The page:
These are wooden boards on which some kind of prayer ritual is performed (if you know more about this, then let me know). It involves the devotee kneeing at the end and then rolling their body flat onto the board by extending rollers along the length of the board. All the boards and devotees face in the same direction and the ritual is performed many, many times. I saw mostly women doing it. You'll also see Buddhist monks, pilgrims and exiled Tibetan's walking around on the elevated perimeter path around the temple carrying prayer beads and chanting.
I sat near some monks whilst they were being called to prayer. It's a nice experience to see them chant and perform their Buddhist rituals whilst only sitting a few feet away. They seem to like having you observe them. They come from all of the nearby monasteries and so where different coloured robes to indicate where they originate from. Tibetan monks where red whilst yellow is worn in southern countries.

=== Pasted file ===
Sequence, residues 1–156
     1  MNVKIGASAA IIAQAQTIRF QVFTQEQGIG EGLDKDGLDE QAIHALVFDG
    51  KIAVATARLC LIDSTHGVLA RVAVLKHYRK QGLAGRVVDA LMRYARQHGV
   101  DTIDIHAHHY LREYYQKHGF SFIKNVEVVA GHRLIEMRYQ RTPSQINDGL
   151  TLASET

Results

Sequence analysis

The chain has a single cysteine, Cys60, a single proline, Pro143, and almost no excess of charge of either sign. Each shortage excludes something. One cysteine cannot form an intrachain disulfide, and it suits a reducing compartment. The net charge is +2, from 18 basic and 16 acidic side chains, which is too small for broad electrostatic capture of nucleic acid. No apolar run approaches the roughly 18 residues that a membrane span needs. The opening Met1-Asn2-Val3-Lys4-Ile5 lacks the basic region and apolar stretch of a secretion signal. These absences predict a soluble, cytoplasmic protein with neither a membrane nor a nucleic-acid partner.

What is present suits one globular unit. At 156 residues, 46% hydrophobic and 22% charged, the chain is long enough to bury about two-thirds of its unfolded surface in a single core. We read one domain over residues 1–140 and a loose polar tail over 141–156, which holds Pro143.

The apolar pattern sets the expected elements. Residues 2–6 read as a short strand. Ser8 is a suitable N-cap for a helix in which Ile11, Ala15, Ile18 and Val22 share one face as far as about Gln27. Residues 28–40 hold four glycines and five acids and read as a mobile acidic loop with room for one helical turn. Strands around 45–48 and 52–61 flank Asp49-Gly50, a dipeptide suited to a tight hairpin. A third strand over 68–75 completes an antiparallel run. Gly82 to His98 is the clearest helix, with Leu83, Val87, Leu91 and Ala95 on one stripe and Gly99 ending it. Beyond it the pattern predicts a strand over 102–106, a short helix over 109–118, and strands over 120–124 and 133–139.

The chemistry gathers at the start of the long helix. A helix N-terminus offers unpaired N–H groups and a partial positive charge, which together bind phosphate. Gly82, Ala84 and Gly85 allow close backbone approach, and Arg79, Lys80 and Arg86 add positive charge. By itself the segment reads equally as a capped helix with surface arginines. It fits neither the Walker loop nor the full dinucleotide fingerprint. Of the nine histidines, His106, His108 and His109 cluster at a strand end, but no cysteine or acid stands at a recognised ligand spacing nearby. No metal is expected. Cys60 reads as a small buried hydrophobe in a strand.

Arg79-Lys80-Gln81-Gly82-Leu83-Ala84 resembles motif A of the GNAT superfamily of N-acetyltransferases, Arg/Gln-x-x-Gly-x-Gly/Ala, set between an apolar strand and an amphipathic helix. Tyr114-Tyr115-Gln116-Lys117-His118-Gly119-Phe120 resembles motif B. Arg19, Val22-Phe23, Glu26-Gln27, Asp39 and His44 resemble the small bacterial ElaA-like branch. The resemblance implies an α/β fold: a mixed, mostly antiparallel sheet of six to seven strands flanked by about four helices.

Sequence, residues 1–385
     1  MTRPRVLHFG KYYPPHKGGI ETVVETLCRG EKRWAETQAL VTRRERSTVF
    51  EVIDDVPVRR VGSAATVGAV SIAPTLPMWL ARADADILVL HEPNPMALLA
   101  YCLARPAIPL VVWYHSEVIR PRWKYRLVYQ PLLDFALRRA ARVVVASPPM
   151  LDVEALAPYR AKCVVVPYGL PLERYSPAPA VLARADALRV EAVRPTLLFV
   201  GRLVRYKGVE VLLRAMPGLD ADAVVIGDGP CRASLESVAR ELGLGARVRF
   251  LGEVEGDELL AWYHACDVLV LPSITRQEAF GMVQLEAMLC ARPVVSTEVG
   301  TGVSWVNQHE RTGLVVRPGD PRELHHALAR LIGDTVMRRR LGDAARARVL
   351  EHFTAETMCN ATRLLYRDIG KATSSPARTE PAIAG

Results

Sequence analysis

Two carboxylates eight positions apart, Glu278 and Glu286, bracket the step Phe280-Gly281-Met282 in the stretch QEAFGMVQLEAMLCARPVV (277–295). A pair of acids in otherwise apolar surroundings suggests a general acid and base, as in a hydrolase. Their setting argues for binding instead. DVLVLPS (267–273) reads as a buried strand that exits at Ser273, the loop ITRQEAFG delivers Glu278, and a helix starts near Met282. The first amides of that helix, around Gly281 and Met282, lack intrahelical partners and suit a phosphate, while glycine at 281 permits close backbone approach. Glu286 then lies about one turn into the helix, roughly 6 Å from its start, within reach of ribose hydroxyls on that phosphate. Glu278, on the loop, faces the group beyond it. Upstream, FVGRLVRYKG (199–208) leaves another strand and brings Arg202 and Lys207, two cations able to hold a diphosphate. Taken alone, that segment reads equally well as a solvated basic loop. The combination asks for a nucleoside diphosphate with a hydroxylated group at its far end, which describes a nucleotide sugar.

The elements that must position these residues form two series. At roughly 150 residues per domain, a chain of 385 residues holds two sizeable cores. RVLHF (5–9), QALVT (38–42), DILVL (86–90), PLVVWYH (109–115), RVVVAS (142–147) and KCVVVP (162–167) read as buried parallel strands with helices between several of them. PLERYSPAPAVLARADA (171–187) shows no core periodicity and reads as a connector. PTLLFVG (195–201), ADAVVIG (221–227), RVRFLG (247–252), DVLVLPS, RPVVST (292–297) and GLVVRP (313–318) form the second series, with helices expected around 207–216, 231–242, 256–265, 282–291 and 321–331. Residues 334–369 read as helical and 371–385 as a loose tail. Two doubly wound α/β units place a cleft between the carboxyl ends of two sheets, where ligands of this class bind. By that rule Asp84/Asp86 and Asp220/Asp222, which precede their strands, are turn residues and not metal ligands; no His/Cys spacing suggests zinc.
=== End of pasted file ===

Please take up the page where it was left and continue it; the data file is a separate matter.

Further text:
Bodhgaya and the mahakalla caves are pilgrim places, so a LOT of beggars will gather there. Families send their elderly and children there, because they can´t work otherwise. Now dont give milkpowder to mothers with children, the´ll just sell it back to the shop-owner, and don´t buy sweets for kids, rather organize some proper food, or give them money. They´ll spend it for better stuff than chocolate, because it´s too expensive for them. Some beggars there are so fastidious, that they wont take your 25 peisas (or less)!
If you want to increase your good karma by giving money to beggars, change some papermoney into coins infront of the main stupa. You´ll make a slight loss of course, but you´ll have plenty of coins. They are sold in small plasic bags. If you start throwing paper money at them, you´ll be surounded by dozens of beggars within seconds, and won´t be left alone for the rest of your stay!